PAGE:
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Dance Music

ENTERTAINMENT
May 24, 2013 | By August Brown, Los Angeles Times
The last time local government took a close interest in electronic dance music around downtown L.A., the Los Angeles Memorial Coliseum Commission banned raves at the facility after a teenage girl's drug death at Electric Daisy Carnival in 2010. The ban was eventually lifted, yet the incident was a dark cloud over dance music's future on public property in the heart of L.A. But that tune will soon change. Starting Sunday, a new monthly series produced by the owners of the Fashion District's Pattern Bar will bring sophisticated underground dance artists to Grand Park, one of the city's most significant and idyllic new public spaces.
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ENTERTAINMENT
May 4, 2013 | By Daniel Miller
Insomniac Events, the producer of the Electric Daisy Carnival dance music events, confirmed in a statement to the Los Angeles Times that it has had talks with Live Nation Entertainment Inc. regarding a sale to that company, but no deal is complete. The Los Angeles Times reported on Thursday that Beverly Hills-based Live Nation would purchase a roughly 50% interest in Insomniac. The company produces electronic dance music concerts at venues across Southern California and elsewhere.
ENTERTAINMENT
May 2, 2013 | By Daniel Miller
Concert and ticketing giant Live Nation Entertainment Inc. is nearing a deal to acquire a stake in the events company that puts on the Electric Daisy Carnival dance music festival, a person with knowledge of the matter confirmed. Beverly Hills-based Live Nation would purchase a roughly 50% interest in Insomniac Events. The Los Angeles company produces electronic dance music concerts at venues across Southern California and elsewhere. The Wall Street Journal, which first reported news of the pending sale, said Live Nation is paying $50 million for the stake in Insomniac.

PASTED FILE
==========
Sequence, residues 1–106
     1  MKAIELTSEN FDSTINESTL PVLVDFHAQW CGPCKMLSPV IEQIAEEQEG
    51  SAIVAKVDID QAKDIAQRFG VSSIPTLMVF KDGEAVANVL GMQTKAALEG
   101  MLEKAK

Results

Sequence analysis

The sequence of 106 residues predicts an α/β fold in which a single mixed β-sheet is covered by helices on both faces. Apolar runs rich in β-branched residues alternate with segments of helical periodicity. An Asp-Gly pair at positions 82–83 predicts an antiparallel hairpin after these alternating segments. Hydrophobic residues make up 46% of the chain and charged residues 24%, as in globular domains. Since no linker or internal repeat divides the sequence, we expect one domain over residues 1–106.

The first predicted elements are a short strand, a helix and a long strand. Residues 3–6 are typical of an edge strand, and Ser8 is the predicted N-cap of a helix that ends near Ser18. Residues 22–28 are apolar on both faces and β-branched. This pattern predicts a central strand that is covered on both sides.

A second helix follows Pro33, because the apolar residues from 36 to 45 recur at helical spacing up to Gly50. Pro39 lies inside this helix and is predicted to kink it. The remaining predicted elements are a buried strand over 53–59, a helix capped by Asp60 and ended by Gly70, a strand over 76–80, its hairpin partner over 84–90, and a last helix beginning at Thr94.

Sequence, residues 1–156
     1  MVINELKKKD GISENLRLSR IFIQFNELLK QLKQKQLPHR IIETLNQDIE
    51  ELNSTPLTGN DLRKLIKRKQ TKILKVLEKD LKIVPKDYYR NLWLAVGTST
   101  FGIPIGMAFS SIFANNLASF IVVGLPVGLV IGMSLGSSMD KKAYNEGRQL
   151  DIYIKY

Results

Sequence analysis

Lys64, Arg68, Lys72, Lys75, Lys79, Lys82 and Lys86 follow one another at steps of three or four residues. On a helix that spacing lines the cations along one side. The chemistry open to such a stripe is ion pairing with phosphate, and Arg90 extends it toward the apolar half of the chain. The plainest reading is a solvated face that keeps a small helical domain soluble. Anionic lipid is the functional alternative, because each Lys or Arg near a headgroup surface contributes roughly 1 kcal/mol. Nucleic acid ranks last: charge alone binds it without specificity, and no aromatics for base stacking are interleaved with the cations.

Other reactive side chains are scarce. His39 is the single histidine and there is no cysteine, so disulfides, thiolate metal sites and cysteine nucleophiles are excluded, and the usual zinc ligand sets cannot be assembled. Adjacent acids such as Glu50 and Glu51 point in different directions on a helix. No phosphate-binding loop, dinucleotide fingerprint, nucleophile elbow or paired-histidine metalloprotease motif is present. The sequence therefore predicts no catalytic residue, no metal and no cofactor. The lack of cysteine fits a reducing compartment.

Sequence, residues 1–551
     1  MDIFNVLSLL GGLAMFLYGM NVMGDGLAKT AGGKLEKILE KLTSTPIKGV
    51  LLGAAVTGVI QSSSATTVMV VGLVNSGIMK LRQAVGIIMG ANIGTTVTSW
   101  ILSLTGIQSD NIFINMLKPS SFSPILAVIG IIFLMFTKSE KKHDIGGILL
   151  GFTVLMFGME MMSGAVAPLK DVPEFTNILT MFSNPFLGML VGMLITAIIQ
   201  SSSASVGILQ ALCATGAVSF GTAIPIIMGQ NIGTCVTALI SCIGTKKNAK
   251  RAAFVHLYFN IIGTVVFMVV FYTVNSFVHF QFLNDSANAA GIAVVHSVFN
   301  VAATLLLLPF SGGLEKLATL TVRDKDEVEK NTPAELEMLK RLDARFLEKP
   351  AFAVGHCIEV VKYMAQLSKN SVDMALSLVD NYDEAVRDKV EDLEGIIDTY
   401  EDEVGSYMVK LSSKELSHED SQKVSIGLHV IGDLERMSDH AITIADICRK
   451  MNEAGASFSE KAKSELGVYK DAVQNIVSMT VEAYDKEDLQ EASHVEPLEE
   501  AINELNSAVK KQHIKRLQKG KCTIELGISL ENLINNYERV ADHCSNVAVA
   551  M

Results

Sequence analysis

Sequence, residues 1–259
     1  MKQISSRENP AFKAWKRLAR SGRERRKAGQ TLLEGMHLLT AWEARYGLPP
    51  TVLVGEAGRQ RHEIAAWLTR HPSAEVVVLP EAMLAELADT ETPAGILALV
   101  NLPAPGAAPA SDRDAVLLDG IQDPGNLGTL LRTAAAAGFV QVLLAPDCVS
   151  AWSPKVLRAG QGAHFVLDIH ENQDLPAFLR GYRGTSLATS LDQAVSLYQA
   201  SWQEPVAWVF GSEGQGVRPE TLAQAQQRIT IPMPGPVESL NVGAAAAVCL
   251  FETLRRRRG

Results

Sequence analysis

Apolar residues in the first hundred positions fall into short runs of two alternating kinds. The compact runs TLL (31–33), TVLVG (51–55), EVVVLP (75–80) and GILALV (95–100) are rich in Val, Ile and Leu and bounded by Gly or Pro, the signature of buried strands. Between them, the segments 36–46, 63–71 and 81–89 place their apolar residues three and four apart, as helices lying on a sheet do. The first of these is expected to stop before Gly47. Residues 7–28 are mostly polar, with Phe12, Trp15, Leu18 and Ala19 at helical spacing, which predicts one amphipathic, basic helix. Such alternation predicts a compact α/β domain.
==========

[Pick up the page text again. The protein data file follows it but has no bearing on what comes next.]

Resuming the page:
ENTERTAINMENT
April 17, 2013 | By Randy Lewis, Los Angeles Times
Sparks, the long-running L.A. pop-dance-rock band consisting of brothers Ron and Russell Mael, has long pushed at the boundaries of pop music. The quirky outfit created humor-laced operatic rock in the early 1970s that influenced Freddie Mercury and Queen, cooked up influential electronic dance music in the late '70s and flirted with pop stardom in the snappy techno-rock of its 1983 hit single "Cool Places. " The Mael brothers have since explored other quirky niches of the pop music world, abandoning the rock band format entirely for a trio of albums built on electronic and orchestral sounds.
ENTERTAINMENT
April 13, 2013 | By August Brown
This post has been updated. See below for details. INDIO -- Anyone wondering if the lack of dance megastars at this year's Coachella means that they've de-emphasized big dance music, don't worry. This year's Sahara tent somehow managed to be even bigger than in years prior, by an obvious margin. Gone is the typical A-frame enclosure -- instead there's a positively titanic, rounded arena for rave gladiators. The digital wall of visuals expanded to the upper nooks of the roof to make an aquarium of sub-bass topped with throbbing LEDs.
ENTERTAINMENT
April 13, 2013 | By August Brown, Los Angeles Times